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Rigas Ritmi Festival: Riga, Latvia, July 3-6 2013

Bruce Lindsay By

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Just as Butterscotch brought a fresh, hip-hop sensibility to songbook classics, Jansone brought contemporary musical awareness to an ancient instrumental tradition. At one point her kokle sounded like nothing else than Neil Young's guitar circa "Like A Hurricane"; that may be taking things a little too far, but Jansone and her trio were still experimenting, still taking risks. The young Latvian and her kokle are full of potential, an exciting and fascinating mix of ancient and modern.

Schuur's performance was enthusiastic, but her quartet took some time to gel. Schuur seemed a little uncomfortable at times and momentarily forgot the words to "I Get Along Without You Very Well" and "For Once In My Life." However, saxophonist Julian Siegel crafted swinging tenor solos on "Change Partners" and "Here's That Rainy Day." It all came together in fine style on "Louisiana Sunday Afternoon." The song was a highlight of the festival, a terrific combination of instrumental and vocal prowess that connected immediately with the audience; all four players seemed to raise their energy levels and Schuur and Siegel, on soprano sax, interacted perfectly.

Walking from the Congress Hall to the Misisipi riverboat for the final midnight cruise only took about ten minutes, but it was a ten-minute trip through a surprising variety of musical genres as the open air bars in Riga Old Town were kicking into gear for Saturday night. That short walk across the capital's medieval center took in dance, techno, hard rock and rockabilly. Then as another Rigas Ritmi venue came within earshot, the Open Air EGLE stage, the sound of a sitar cut through the air, gradually followed by vocals, guitars, tenor saxophone and percussion. This was the Frank/Pashkevich Experience stretching out on "Afro Blue."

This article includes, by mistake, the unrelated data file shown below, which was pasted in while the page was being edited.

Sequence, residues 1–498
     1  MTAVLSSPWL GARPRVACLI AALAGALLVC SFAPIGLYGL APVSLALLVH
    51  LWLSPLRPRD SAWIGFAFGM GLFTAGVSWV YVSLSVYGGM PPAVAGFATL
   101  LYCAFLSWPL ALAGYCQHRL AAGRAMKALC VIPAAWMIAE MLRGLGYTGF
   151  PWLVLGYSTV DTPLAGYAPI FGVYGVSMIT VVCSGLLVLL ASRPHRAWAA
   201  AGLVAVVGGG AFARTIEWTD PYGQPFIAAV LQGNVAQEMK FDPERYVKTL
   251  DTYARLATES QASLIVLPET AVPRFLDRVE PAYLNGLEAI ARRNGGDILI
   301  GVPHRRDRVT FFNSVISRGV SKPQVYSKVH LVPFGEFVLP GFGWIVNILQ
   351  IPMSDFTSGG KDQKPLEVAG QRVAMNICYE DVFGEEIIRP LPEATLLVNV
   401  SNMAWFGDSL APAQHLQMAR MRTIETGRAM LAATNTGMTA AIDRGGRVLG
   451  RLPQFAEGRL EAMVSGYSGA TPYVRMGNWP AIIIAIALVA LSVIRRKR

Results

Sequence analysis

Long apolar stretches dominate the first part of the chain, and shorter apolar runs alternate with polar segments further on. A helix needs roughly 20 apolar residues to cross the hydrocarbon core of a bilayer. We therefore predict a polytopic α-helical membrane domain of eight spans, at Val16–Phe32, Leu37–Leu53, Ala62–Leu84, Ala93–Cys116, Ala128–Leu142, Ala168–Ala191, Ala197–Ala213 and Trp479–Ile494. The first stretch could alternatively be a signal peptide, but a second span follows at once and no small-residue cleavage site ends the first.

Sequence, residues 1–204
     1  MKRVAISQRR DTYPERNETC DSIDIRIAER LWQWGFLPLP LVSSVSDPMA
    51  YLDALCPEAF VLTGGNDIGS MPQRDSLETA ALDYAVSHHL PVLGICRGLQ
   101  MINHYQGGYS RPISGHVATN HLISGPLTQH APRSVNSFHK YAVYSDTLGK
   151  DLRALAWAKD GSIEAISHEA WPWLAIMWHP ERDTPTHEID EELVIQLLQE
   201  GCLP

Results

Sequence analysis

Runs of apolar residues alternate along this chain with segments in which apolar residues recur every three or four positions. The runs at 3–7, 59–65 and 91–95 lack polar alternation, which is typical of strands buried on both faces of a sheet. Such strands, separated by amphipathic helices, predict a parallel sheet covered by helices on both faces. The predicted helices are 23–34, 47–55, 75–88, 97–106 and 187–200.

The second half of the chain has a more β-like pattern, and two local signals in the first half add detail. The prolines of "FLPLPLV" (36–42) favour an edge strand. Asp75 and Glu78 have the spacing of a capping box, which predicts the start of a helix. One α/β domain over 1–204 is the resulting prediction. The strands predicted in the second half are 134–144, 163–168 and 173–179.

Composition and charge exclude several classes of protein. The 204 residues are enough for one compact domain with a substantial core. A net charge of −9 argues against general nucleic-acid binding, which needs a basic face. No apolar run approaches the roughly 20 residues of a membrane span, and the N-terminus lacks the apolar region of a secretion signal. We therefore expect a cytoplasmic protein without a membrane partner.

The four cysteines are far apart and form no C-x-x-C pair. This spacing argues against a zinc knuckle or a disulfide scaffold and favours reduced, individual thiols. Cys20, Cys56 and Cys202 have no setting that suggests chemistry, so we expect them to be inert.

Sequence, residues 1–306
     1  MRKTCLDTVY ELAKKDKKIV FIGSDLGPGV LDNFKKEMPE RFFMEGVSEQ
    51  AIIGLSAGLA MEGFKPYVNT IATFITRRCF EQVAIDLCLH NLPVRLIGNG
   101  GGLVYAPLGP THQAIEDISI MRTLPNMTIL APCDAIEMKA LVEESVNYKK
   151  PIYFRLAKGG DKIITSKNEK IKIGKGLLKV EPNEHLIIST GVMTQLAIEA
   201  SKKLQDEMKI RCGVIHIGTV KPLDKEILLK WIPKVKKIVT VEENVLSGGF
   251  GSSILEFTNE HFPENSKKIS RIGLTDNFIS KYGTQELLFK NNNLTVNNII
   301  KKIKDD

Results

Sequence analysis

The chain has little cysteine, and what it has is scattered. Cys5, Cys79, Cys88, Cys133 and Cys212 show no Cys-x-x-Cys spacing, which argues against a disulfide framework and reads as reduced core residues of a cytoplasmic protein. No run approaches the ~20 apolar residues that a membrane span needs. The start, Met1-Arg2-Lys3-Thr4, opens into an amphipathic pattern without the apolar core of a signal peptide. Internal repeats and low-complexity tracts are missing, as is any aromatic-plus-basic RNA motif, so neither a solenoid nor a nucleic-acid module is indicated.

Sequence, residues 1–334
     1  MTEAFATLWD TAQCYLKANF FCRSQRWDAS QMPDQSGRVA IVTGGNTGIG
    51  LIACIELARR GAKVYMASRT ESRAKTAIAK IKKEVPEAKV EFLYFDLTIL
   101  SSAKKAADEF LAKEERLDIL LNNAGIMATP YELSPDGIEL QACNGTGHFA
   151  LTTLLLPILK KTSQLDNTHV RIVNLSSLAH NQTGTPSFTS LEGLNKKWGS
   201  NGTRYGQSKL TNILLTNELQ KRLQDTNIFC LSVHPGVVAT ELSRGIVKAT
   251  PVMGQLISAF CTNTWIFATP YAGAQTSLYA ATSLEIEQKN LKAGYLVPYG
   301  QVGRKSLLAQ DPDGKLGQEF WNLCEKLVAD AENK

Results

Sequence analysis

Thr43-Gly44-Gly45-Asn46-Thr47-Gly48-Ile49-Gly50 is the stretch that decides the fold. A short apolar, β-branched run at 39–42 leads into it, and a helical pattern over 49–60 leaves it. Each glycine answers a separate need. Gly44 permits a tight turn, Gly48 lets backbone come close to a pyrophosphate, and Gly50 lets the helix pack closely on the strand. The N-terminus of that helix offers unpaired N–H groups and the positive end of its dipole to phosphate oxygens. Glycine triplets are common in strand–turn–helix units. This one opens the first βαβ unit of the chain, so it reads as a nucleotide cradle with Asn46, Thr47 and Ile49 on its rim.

Sadly, arriving rather late at the EGLE stage—and missing a second chance to hear the young Lithuanian singer Laura Budreckyte, who had impressed many people with her performances earlier in the week—the midnight cruise did provide a last chance to hear Cacija, Viluma and Protektore, backed once again by the Riga Jazz Quartet, including the excellent Orubs, now back behind a more standard drum set than the one he'd played with Jansone just a few minutes earlier.

Closing Thoughts

This year's Rigas Ritmi took place at the same time as a major celebration of the folk music and traditions of Latvia: the Latvian Song And Dance Celebration, which featured around 40,000 singers, dancers and other performers (including drummer Orubs). The event, which takes place once every five years, filled the city with bands, choirs, dance troupes and craftspeople, all in traditional dress. It was clearly a source of great pride to the Latvian people and grabbed a surprising amount of space on Latvian television. Did it impact on attendance at Rigas Ritmi? Probably not too much, as the open air events were all well-attended and each of the Congress Hall concerts sold well.

It was once again a pleasure to be invited to attend Rigas Ritmi and to enjoy the hospitality of Latvia's capital. In 2014 Riga becomes the European City Of Culture, which will bring a year-long series of events to the city. Hopefully Rigas Ritmi will benefit from this and continue to bring top quality jazz and its relatives to this beautiful Baltic capital.

Photo Credit

All Photos: Bruce Lindsay


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